Promote sustained, inclusive and sustainable economic growth, full and productive employment and decent work for all.
Community curated research on ScienceOpen. Keyword SDG 8
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Even before the current crisis, the global economy was growing at a slower rate than in previous years notwithstanding improvements in labour productivity and unemployment. The pandemic has abruptly and profoundly disrupted it, pushing the world into a recession. The unprecedented shock to the world’s labour markets is expected to result in a decrease of around 10.5 per cent in aggregate working hours in the second quarter of 2020, equivalent to 305 million full-time workers. Small and medium enterprises, workers in informal employment, the self-employed, daily wage earners and workers in sectors at the highest risk of disruption have been hit the hardest.
In 2018, the rate of growth of global real GDP per capita was 2 per cent. In addition, the rate for least developed countries was 4.5 per cent in 2018, less than the 7 per cent growth rate targeted in the 2030 Agenda. The pandemic is pushing the world into the worst global economic crisis since the Great Depression.
After a brief interruption during the global economic downturn of 2008–2009, labour productivity has continued to grow; in 2019, it increased by 1.4 per cent from the previous year.
Globally, 61 per cent of workers were in informal employment in 2016. The need to rely on informal employment was more prevalent in sub-Saharan Africa and Central and Southern Asia, where 89 per cent and 86 per cent of workers, respectively, were in such employment. Owing to the unemployment and underemployment caused by the current crisis, some 1.6 billion workers in the informal economy, half of the global workforce, are affected significantly. Globally, the income of informal workers is estimated to fall by 60 per cent in the first months of the crisis.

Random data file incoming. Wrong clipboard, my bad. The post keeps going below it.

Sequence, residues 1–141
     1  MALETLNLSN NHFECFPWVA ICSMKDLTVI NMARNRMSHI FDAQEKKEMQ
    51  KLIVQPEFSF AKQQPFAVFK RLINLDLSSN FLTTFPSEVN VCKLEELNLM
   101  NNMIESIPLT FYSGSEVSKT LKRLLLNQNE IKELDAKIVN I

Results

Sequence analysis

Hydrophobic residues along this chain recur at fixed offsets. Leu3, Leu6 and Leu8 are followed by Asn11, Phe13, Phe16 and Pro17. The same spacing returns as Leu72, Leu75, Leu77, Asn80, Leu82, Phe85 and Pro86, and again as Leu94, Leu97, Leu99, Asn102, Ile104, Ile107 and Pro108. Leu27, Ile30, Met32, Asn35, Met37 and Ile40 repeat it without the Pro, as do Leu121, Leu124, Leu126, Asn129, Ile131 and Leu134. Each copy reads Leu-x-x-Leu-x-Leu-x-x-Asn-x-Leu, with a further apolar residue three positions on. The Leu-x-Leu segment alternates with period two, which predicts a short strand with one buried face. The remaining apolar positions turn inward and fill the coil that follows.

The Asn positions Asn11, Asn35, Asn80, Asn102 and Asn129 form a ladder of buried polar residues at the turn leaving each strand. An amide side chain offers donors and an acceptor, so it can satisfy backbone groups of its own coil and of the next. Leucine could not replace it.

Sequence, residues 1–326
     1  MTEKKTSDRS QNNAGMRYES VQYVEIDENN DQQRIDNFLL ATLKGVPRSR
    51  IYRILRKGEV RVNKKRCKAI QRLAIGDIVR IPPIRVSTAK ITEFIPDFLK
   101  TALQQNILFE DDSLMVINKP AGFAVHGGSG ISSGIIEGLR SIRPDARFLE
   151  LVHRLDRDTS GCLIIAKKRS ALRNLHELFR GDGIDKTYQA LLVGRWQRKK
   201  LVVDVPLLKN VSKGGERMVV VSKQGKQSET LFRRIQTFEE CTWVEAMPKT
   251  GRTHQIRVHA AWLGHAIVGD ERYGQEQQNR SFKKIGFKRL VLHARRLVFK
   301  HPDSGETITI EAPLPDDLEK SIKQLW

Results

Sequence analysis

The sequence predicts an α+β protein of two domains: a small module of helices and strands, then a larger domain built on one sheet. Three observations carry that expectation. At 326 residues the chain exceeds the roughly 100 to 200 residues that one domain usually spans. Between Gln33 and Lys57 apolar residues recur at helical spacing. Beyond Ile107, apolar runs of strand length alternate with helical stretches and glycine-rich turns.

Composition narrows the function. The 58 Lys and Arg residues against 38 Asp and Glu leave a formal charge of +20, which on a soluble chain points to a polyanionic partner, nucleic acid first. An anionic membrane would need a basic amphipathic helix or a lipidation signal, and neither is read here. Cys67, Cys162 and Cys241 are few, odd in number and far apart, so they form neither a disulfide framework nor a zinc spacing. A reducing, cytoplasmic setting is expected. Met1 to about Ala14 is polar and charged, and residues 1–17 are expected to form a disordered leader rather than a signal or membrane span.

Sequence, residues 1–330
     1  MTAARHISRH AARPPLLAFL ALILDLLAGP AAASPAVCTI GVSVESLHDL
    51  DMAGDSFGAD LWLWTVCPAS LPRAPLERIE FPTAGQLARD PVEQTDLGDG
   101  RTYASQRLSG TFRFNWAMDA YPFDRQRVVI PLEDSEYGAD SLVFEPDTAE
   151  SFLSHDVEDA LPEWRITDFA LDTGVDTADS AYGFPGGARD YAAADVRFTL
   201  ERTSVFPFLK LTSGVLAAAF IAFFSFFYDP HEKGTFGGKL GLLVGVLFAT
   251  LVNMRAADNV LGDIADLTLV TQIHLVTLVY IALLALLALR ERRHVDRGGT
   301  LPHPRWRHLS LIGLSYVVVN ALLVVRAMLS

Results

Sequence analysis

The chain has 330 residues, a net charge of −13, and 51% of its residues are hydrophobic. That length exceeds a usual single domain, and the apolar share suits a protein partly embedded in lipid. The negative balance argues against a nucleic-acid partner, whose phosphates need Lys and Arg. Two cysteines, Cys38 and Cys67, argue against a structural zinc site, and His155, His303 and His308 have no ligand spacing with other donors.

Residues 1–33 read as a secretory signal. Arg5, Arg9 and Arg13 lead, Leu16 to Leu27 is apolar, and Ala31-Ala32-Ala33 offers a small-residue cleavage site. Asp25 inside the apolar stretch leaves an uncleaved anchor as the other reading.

Data on average hourly earnings cast light on income inequality. In a global study conducted by the International Labour Organization, a factor-weighted gender pay gap of 19 per cent in 2017 was revealed.
In 2019, the global unemployment rate stood at 5 per cent, with the highest rate, 11 per cent, in Northern Africa and Western Asia. The rate was considerably higher among young workers than for adults in all regions in 2019, with the difference reaching 18 percentage points in Northern Africa and Western Asia, 15 percentage points in Central and Southern Asia and 12 percentage points in Latin America and the Caribbean.
In 2019, 22 per cent of the world’s young people were not in employment, education or training, a figure that has hardly changed since 2005.
In 2018, aid for trade commitments remained stable, at $58 billion, based on current prices. South and Central Asia received the highest share thereof (31.4 per cent), followed by sub-Saharan Africa (29.2 per cent). Lower-middle-income countries received 37.5 per cent of aid for trade, followed by least developed countries (36.8 per cent).
According to data for 2019 from 102 countries, 98 per cent had a youth employment strategy or a plan to develop one in the near future.
Source: Progress towards the Sustainable Development Goals, Report of the Secretary-General, https://undocs.org/en/E/2020/57
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|ScienceOpen disciplines:||Economic development, Labor & Demographic economics, Business & Corporate economics, Economics|
|Keywords:||SDG8, SDG 8: Decent Work and Economic Growth, COVID recession, global economy, unemployment, productivity, GDP, Sustainable Development Goals|